Shopping malls are regularly subjected to armed robberies. In response to this, mall management frequently implement various procedures they claim will counter the threat of such robberies. What they have essentially done, is exploit our misunderstanding of security fundamentals to implement the most cost-effective illusion of actually doing something. This is called security theatre. And it is a lie.
Stop-and-search is security theatre
The management of a well-known shopping centre implement a robust stop-and-search policy to counter the threat of armed robbery. What is the threat aspect they are talking about? The threat in this case, is the capability and the intent of armed robbers to commit armed robberies. So, in essence this is Security Theatre Part One; no shopping centre can actually mitigate against the threat. No matter what they do, they cannot directly disrupt the fact that armed robbery gangs exist. Nor can they disrupt those groups’ capabilities to commit such crimes.
Such threat mitigation is a police function. And it is well outside of the scope of any facilities-orientated security team. The only manner in which shopping centres can mitigate the threat, is by cooperating with each other via the implementation of programs which improve policing infrastructure to counter this threat.
Malls are misidentifying robbery risk-drivers
The actual concept that these entities are looking at managing, is the risk of armed robbery. In other words, the probability that the armed robbery threat will impact a business within their facility. In order to do that, they need to identify the risk-drivers. These are the causal factors which influence the probability either upwards or downwards. Failing to recognise and apply such a strategy, is the same as treating a disease purely for its symptoms instead of preventing it.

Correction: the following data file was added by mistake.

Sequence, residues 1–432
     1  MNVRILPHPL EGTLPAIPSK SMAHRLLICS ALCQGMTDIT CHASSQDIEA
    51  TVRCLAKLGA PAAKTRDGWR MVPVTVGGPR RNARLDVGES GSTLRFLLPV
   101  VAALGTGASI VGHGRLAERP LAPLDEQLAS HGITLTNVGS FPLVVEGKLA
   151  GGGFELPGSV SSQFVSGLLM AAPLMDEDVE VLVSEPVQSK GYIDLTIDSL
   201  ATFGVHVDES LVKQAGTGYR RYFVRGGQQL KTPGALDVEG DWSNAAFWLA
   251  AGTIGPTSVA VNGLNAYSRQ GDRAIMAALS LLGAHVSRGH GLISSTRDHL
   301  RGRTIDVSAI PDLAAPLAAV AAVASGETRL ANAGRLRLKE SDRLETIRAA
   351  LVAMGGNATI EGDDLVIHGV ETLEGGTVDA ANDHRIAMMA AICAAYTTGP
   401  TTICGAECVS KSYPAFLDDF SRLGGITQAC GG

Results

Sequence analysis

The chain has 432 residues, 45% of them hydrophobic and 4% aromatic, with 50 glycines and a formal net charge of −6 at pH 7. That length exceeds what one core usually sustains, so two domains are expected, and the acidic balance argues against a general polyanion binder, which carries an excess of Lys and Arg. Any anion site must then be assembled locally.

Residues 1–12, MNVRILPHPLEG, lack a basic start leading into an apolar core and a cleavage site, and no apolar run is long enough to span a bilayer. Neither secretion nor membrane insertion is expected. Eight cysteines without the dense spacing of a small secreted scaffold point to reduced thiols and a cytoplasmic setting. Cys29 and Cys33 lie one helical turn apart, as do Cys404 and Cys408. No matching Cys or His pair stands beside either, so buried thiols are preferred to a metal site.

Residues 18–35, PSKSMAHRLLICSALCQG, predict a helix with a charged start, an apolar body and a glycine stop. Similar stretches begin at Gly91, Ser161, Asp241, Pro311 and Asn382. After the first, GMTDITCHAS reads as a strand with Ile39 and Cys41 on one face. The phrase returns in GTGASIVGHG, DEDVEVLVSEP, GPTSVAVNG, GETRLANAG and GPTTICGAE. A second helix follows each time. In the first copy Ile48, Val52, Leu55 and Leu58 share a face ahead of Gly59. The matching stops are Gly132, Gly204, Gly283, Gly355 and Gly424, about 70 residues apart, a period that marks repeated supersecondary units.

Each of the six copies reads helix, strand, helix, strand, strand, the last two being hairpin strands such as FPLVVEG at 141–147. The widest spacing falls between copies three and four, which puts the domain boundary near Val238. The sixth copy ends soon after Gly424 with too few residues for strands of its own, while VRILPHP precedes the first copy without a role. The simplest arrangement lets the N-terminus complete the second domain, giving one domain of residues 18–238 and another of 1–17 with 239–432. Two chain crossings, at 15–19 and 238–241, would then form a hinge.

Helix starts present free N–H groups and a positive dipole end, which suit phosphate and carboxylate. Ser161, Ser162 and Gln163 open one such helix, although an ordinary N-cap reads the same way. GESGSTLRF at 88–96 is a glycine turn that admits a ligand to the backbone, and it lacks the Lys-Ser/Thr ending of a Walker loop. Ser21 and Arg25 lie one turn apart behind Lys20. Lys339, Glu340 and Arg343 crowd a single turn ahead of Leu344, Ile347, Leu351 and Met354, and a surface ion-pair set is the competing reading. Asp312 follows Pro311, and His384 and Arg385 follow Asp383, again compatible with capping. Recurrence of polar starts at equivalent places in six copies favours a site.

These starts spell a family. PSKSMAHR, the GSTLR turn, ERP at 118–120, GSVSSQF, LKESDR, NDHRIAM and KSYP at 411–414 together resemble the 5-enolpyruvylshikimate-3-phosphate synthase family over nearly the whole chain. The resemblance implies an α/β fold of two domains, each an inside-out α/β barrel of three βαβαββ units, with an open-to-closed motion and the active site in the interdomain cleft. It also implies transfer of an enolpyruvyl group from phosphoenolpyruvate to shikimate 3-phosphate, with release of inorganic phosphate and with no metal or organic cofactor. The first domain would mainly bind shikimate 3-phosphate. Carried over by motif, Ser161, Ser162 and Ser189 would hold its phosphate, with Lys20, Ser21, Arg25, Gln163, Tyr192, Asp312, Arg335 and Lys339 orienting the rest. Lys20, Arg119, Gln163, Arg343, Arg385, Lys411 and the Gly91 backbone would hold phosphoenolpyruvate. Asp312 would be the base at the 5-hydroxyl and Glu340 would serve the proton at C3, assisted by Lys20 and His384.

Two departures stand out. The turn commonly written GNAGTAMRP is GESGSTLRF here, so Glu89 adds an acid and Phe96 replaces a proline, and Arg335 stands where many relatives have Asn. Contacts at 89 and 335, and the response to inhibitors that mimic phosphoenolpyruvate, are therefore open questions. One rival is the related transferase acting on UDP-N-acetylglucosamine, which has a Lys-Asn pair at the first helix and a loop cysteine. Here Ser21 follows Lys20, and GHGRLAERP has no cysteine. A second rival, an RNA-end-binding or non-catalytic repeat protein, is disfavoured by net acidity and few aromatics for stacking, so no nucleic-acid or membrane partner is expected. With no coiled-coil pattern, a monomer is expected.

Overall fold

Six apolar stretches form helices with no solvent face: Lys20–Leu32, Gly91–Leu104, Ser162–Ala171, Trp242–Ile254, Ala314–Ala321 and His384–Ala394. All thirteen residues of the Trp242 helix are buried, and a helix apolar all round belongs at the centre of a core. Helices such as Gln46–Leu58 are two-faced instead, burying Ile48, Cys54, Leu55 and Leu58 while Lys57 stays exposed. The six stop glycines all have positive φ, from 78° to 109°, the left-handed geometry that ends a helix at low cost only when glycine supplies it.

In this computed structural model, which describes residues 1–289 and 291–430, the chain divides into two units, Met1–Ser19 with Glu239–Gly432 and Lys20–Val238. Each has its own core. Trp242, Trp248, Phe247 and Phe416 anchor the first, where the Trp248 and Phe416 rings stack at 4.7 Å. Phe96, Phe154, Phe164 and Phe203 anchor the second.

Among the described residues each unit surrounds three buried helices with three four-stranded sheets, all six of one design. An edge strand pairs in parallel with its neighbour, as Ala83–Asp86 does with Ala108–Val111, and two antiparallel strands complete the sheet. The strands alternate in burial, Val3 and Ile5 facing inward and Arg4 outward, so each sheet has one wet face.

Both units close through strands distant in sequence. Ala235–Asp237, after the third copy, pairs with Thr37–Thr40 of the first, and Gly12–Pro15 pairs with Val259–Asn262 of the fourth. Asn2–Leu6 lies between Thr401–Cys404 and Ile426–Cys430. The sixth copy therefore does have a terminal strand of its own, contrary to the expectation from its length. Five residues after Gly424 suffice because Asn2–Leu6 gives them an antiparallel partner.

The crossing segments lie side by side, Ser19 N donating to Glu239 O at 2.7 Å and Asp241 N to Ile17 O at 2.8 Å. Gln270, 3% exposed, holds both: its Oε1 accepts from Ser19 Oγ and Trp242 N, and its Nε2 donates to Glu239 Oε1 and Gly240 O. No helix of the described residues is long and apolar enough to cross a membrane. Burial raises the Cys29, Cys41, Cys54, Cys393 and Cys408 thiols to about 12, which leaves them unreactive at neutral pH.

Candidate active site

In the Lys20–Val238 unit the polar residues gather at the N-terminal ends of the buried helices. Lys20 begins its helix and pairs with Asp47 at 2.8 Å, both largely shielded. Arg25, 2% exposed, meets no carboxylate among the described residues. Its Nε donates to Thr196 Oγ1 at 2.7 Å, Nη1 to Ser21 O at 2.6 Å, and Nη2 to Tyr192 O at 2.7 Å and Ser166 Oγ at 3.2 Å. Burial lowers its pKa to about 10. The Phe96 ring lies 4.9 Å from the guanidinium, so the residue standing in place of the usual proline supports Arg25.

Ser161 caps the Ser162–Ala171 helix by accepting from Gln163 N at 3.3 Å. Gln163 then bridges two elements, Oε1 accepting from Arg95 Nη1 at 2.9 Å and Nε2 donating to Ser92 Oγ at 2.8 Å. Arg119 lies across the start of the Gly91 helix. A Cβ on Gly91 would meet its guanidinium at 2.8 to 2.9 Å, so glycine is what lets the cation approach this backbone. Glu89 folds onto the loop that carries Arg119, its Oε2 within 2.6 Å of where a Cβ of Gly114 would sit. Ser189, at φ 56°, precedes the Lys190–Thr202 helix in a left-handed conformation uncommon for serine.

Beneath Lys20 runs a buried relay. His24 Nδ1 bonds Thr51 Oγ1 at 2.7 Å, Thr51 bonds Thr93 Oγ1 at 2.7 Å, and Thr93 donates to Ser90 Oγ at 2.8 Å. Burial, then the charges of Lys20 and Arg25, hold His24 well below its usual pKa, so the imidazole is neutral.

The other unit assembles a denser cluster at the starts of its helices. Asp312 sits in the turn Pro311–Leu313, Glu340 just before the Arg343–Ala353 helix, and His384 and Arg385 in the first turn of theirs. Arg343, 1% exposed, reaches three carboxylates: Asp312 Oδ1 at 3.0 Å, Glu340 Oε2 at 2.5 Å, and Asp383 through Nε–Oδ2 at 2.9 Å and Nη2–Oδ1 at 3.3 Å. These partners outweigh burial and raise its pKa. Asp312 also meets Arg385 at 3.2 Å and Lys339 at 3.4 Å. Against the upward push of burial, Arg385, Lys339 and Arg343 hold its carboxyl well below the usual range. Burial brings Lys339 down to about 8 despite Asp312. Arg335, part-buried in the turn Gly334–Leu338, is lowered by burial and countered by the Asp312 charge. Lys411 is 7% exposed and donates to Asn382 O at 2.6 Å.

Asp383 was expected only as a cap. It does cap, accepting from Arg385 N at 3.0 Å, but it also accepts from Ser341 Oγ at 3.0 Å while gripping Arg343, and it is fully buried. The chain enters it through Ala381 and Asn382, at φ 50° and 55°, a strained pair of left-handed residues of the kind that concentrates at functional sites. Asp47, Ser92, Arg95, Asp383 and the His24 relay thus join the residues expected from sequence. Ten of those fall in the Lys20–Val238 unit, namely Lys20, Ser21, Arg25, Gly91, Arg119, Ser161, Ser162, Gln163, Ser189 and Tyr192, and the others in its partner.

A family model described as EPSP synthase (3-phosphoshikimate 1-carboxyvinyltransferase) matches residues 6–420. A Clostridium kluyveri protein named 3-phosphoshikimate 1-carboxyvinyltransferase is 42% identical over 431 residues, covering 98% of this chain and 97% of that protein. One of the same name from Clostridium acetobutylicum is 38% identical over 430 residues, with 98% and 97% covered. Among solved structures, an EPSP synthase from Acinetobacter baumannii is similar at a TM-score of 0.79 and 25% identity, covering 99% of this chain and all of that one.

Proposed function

Now that we understand these key concepts, let’s look at the risk-drivers first. Then we can scrutinise the security theatre presented to us, and decide for ourselves if the tail is wagging the dog. Armed robbers want cash or high-value goods. We can agree upon that. These goods need to be easily-transportable and be easily liquidated.
What drives the risk of armed robbery?
So, risk-driver number one is the presence of cash or high-value goods. There are some really great and innovative concepts which seek to mitigate this. Granted, not all of them are practically implementable in the South African context. But to decrease the amount of physical cash on premises would significantly dent the risk of suffering armed robbery. Alternatively, improving your cash management capabilities (like casino’s with centralised cash drops, smart cards, and similar processes) have quite effectively minimised the overall threat of armed robberies.
Secondly, the spatial arrangement of shopping centres often situates cash-intensive or high-value assets in a manner which increases risk. With some clever intuitive design, shopping centres can impact the risk without impinging upon the experience of the shoppers.
The third risk-driver for increasing the probability of armed robbery, is poor management and a misunderstanding of liability. By implementing pointless security measures you not only demoralise your physical security personnel; you create cases where interaction between security personnel and impacted shoppers causes friction. This in turn causes conflict. Conflict further detracts from the capability of providing security, or creates the requirement to implement ill thought-through policies. Thus, conflict causes distractions which ultimately decrease security.